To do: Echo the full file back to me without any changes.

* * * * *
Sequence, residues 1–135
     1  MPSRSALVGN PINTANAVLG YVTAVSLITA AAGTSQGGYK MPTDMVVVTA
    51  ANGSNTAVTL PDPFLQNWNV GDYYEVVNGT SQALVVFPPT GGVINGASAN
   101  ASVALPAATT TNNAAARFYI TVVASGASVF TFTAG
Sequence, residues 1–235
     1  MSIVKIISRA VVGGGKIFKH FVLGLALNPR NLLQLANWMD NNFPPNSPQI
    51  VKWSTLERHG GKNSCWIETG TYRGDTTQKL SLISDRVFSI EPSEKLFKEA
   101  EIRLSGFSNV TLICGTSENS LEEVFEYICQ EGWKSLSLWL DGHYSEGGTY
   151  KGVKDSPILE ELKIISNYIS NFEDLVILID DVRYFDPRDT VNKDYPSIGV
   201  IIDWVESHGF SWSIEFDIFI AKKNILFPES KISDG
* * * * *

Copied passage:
Sequence, residues 1–135
     1  MPSRSALVGN PINTANAVLG YVTAVSLITA AAGTSQGGYK MPTDMVVVTA
    51  ANGSNTAVTL PDPFLQNWNV GDYYEVVNGT SQALVVFPPT GGVINGASAN
   101  ASVALPAATT TNNAAARFYI TVVASGASVF TFTAG
Sequence, residues 1–235
     1  MSIVKIISRA VVGGGKIFKH FVLGLALNPR NLLQLANWMD NNFPPNSPQI
    51  VKWSTLERHG GKNSCWIETG TYRGDTTQKL SLISDRVFSI EPSEKLFKEA
   101  EIRLSGFSNV TLICGTSENS LEEVFEYICQ EGWKSLSLWL DGHYSEGGTY
   151  KGVKDSPILE ELKIISNYIS NFEDLVILID DVRYFDPRDT VNKDYPSIGV
   201  IIDWVESHGF SWSIEFDIFI AKKNILFPES KISDG